Suraporn Suriyamonton, Country Representative for Pestalozzi Children’s Foundation in Thailand, supports this as creating a robust network with and among the affected is vital for a better understanding of MTB-MLE and its impact on children and society.

This new type of advocacy is only possible thanks to the increased availability and affordability of communication and digital media technology, but access to digital technologies is a significant issue among ethnolinguistic communities. Addressing this issue is critical in advancing MTB-MLE advocacy and requires uplifting the voices of affected communities to the decision-making table.

Working in tandem with governments, international organizations and local communities

Social media and its combination with traditional media can make a big push as an awareness-raising strategy for MTB-MLE advocates and practitioners, yet the impact can be temporary.

Linh Anh Moreau, a consultant at UNESCO Bangkok and a coordinator for activities related to the International Decade of Indigenous Languages 2022–2032 for Asia and the Pacific, stresses that for sustainable and tangible impact, advocacy has to be in tandem with government efforts to ensure the inclusion of MTB-MLE from early childhood and throughout schooling, for safeguarding and revitalizing languages in the long term.

Combined with social media, traditional news media and journalists can play a critical role in informing policymakers and practitioners about MTB-MLE practices and highlighting stories from local communities at national and international events.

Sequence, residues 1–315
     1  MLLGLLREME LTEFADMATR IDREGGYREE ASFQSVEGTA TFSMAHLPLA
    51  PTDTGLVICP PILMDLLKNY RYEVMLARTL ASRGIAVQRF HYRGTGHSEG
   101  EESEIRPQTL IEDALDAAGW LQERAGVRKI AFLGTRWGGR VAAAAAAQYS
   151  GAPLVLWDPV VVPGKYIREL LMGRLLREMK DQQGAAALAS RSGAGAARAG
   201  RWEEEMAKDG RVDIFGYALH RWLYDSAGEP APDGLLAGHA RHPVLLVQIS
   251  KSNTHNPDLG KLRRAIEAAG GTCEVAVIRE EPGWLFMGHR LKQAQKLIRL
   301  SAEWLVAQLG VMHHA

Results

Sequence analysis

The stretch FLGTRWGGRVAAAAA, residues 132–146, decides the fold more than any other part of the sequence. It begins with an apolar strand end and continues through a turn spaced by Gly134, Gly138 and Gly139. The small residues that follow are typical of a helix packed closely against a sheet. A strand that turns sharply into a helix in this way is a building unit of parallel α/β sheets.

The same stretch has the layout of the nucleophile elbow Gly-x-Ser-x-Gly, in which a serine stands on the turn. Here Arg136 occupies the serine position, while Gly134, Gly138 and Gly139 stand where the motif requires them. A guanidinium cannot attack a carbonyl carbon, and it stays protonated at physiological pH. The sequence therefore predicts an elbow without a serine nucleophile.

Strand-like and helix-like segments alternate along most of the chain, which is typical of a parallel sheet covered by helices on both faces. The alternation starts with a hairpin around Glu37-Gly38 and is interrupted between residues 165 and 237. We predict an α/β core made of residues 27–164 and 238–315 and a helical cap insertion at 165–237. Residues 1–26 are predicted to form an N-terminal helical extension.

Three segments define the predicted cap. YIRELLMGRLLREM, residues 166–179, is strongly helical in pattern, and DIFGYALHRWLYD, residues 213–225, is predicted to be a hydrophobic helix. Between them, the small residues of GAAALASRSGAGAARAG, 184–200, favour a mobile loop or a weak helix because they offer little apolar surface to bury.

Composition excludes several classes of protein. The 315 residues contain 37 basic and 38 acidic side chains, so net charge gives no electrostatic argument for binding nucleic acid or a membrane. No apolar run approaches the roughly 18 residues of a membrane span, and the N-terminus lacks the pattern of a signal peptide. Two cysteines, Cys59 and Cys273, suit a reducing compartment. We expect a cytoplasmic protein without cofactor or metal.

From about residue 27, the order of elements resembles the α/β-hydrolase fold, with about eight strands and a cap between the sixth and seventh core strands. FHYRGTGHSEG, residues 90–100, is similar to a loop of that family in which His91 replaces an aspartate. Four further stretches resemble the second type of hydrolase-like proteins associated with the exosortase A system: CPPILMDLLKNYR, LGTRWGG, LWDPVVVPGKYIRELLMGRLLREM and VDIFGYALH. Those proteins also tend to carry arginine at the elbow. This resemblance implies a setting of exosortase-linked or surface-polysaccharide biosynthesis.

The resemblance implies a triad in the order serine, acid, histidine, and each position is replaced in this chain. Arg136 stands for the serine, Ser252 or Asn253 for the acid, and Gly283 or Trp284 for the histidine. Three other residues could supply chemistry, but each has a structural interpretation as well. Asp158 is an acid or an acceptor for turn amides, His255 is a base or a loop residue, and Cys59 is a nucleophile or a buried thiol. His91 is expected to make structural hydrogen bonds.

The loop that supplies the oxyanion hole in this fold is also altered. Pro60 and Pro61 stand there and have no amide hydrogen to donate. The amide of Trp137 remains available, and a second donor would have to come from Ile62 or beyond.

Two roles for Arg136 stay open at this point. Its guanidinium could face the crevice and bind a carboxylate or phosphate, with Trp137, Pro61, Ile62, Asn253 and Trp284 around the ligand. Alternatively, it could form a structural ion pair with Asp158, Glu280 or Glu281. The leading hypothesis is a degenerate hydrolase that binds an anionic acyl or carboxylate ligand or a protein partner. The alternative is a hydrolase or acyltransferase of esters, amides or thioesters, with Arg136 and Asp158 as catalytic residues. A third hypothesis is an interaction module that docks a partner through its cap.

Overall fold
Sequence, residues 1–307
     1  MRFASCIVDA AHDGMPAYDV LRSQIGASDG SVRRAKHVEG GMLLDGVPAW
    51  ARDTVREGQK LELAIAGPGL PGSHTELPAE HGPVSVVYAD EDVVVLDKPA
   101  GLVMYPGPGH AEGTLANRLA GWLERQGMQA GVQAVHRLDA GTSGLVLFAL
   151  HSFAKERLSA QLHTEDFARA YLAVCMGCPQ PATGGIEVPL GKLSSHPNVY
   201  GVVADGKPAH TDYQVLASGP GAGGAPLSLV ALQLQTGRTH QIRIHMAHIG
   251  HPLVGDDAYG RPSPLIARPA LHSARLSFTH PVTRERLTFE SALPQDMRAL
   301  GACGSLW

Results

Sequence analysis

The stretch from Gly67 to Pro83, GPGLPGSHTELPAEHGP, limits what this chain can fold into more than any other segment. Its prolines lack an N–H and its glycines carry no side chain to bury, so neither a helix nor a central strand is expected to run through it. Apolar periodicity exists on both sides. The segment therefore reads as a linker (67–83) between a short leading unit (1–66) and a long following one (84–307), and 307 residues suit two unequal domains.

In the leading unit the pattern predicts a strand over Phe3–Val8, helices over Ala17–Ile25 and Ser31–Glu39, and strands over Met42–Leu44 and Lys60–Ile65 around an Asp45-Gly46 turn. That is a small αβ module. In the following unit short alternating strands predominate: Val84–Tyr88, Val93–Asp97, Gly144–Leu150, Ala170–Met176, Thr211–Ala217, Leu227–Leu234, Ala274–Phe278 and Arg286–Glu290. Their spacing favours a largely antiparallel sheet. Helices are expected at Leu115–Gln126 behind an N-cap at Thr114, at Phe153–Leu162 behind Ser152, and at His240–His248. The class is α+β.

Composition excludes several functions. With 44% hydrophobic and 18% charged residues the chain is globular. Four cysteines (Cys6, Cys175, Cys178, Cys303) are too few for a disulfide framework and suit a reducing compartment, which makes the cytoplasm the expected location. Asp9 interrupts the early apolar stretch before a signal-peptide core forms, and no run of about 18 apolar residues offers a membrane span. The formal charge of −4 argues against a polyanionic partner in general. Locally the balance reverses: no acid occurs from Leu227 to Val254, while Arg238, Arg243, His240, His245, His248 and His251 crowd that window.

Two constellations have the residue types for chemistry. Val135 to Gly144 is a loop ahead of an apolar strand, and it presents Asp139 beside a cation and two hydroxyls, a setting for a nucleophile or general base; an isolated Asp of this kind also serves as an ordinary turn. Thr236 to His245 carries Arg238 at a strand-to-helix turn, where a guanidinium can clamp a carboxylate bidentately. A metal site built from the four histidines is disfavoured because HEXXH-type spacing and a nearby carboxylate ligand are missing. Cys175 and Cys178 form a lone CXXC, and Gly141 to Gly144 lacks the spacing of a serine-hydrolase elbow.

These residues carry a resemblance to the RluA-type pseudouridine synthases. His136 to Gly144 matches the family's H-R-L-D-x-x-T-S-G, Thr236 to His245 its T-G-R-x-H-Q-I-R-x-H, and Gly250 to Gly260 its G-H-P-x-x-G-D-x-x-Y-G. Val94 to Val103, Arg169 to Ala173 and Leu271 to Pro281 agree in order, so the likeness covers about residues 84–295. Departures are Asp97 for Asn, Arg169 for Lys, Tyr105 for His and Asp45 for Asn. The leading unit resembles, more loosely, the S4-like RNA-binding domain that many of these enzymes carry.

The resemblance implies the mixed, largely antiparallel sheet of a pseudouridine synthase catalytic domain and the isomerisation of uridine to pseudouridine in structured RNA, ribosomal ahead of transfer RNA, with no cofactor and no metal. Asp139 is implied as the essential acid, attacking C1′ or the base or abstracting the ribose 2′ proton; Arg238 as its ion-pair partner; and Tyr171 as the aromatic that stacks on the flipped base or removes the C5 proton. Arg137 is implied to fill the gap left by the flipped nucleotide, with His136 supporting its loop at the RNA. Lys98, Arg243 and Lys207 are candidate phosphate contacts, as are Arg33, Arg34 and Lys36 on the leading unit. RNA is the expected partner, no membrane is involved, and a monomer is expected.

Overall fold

This will further influence policy adaptations and widely share the importance of holding countries accountable for inclusive and quality education for all.

Sustainability is key to inclusive education for ethnolinguistic minority children

The 2nd Asia-Pacific Regional Education Minister's Conference (APREMC-II) will be held on June 5-7, 2022 under the theme of "Education Recovery and Transformation towards more Responsive, Relevant and Resilient Education Systems: Accelerating progress towards SDG 4-Education 2030".

One of the critical areas of the conference is equity, inclusion and gender equality, including children from ethnolinguistic minority communities.

APREMC-II will be an excellent opportunity for national delegations and MTB-MLE practitioners to exchange ideas and encourage accurate understanding of multilingualism and multilingual education as a critical component in achieving SDG 4, especially during the public, hybrid MTB-MLE side event on June 5, 2022.

To support MTB-MLE, a high-level conference will not guarantee immediate changes in government policies and people's perceptions. Digital media can be a powerful advocacy tool to engage audiences beyond traditional boundaries, and working and influencing both inside and outside of the conference.

As we prepare for high-level events such as APREMC-II and the International Decade of Indigenous Languages, it is time to utilize online and social media to foster a better understanding of multilingualism as an invaluable tool for sustainable development and our education systems and societies.

Related blogs


Very reach content. Do we have such programs in East Africa especially in Uganda? Speaking a native language in schools is punishable.

Leave a comment

Your email address will not be published. All fields are required.

The content of this field is kept private and will not be shown publicly.

Plain text

  • Global and entity tokens are replaced with their values. Browse available tokens.
  • No HTML tags allowed.
  • Lines and paragraphs break automatically.
  • Web page addresses and email addresses turn into links automatically.